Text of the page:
Sunday, June 14, 2009

Lakers Win

After the Lakers blew away the Magic in the first game I wanted to write a post announcing that the series was over. No way the Magic beat the Lakers. I resisted because, as Yogi says, it ain't over till it's over. I also resisted crowing when the Lakers won the second game and went up 2-0. It's hard for a team to come back after losing the first two games.

The fourth game was pivotal. The Lakers went into it with a two games to one edge. If the Magic win that game, the series is tied, 2-2. But the Lakers won in overtime, making it 3-1. The difference between 3-1 and 2-2 is immense. At 2-2, it's a best two out of three series. At 3-1, the team with one win is facing elimination and has to win the next three in a row. But I kept my quiet after game four because of what Yogi says.

Okay, now it's over. Hollywood beat Disneyworld. It took the Lakers five games to beat the Magic. The Magic lived by the three-point shot and died by it.

Dwight Howard, the Magic's center, is the best center in the game, but he has never shown that he deserves to be ranked among the best of all time. Sometimes he disappears in games. He has a million dollar smile -- he really should try acting -- but it's still a question whether he has the toughness and will to be a champion. His Superman dunk in last year's all star game was, as the kids say, sick. At best he might end up basketball's Ted Williams -- a great player whose best moment was in an all star game. (Or in the slam dunk contest on all star game weekend.)

Kobe Bryant proved he has what it takes to be a champion. He will be considered one of the very best that ever played the game when his career is all over. If he stays healthy and productive for another five years, his points total will approach Kareem Abdul-Jabbar's 38,000 and some.

Phil Jackson won his 10th ring as a head coach. Derek Fisher was asked what makes Jackson a great coach. He said something to the effect that he's not a dictator. He leaves you free to be you and make your own choices. Oddly enough, that's exactly what I like in a stage director. I hate the directors who have all my blocking plotted out before the first read-through.

The Lakers got a little lucky this year. Both Yao Ming of Houston and Kevin Garnett of Boston were injured in the playoffs. A healthy Boston is a much harder team to beat than Orlando. It would be great to see the Lakers beat the Celtics for the championship next year.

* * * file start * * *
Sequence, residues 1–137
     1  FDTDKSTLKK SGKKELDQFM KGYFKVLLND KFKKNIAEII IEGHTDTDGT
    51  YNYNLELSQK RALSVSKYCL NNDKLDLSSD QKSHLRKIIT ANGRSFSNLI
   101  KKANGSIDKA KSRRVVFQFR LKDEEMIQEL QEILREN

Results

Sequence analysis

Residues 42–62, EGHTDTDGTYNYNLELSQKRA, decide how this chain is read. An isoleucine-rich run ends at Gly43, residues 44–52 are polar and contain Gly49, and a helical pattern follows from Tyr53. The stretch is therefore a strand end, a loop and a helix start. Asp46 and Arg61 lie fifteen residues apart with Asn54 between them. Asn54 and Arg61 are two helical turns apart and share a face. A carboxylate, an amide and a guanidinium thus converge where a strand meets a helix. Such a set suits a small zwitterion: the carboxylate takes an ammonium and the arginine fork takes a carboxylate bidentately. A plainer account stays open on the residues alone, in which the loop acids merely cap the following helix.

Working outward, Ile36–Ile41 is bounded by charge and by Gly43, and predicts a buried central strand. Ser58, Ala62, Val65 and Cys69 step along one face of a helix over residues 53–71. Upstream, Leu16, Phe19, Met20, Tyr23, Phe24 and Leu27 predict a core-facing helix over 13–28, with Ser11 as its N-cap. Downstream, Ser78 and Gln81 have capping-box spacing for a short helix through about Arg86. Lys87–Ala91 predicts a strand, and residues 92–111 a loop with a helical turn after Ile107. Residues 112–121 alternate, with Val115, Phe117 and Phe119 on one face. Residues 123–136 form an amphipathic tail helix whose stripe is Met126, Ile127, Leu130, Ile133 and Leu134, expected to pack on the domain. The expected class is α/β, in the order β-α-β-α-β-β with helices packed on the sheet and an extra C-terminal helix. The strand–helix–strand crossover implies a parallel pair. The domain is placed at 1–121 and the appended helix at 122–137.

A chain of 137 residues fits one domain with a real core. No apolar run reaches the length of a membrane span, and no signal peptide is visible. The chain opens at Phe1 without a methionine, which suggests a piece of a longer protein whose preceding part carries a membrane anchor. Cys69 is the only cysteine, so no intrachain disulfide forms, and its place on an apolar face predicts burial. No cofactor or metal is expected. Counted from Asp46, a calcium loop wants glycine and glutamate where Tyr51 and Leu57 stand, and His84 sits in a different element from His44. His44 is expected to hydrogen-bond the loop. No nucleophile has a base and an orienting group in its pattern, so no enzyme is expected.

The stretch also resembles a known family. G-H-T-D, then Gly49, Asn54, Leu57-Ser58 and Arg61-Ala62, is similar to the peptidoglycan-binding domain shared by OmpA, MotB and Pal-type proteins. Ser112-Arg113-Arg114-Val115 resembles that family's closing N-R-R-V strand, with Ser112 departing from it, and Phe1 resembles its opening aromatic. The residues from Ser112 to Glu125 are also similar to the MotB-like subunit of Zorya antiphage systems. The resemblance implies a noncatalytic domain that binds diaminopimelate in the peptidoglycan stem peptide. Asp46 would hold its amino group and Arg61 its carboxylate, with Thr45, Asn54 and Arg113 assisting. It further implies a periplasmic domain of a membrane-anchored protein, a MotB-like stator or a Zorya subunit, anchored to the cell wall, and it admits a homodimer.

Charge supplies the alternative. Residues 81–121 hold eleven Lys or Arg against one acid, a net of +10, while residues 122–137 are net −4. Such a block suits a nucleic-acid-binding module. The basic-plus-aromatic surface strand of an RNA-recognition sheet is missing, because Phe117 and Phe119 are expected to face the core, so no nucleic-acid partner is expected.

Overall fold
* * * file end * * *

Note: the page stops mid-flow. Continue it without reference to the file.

The Lakers also got a little lucky when they picked up Trevor Ariza. I think they made that trade mostly because they wanted to dump Maurice Evans and Brian Cook. Ariza looked like he would be a guy who comes off the bench in defensive situations. He played so well that he became a starter. He defends well, he can shoot the three as well as drive to the basket and dunk, and he is the most talented thief in the game. I've never seen anyone steal the ball as well as Ariza.

Maybe the Lakers also got a little bit lucky when they picked up Pau Gasol, the most skilled seven-footer in the league, for, like, nothing. But as either Branch Rickey or Winston Churchill once said -- I've seen the quote attributed to both -- luck is the residue of design. Give General Manager Mitch Kupchak his due.

It's amazing where the Lakers are today, considering the disarray they were in just two years ago, with Kobe demanding a trade.

Next year the Lakers are the team to beat. Every place they go on the road will sell out their seating all the way to those nose bleed seats next to the air conditioning ducts. The opposing teams will play at their adrenaline-fueled best against the champs. The 2009-2010 season will be a gauntlet that will leave the Lakers lean and mean for the playoffs.

The dynasty began tonight.


Joseph Kellard said...


After the Celtics beat the Lakers last year, I remember you wrote that the Lakers had a good chance to come back and win it all this season --that they had a solid enough team to do it. I doubted this because I thought Kobe still needed that great sidekick to help him win, just as he was Shaq's sidekick during their dynasty earlier this decade. Not until Dr. J got Moses did he win a ring. Jordan needed Pippen. The showtime Lakers had Magic and Kareem. Wilt and West needed each other, too.

But in today’s NBA, it seems you don't necessarily need that one great second player to win it all. Hell, look how far LaBron got with his cast of no-names. He probably would have went as far even with this year's Knicks. And I can’t say that Tim Duncan necessarily played with Hall of Famers during his run of championships.

We’re seeing a new NBA in which one man really can rule the day. Sure, he needs a supporting cast, but not one of them necessarily needs to be a superstar. I wonder why this is.

~ Joseph Kellard

Myrhaf said...

The other guys are not superstars, but they are very, very good. Pau Gasol and Lamar Odom can both put up 15 points and 15 rebounds on a good night. Bynum and Gasol are 7-footers, Odom is 6-10; they're tall and athletic, and they can handle the ball and pass. Kobe has a lot of options: drive in himself, shoot the jump shot, pass to a big man or pass to a three-point shooter.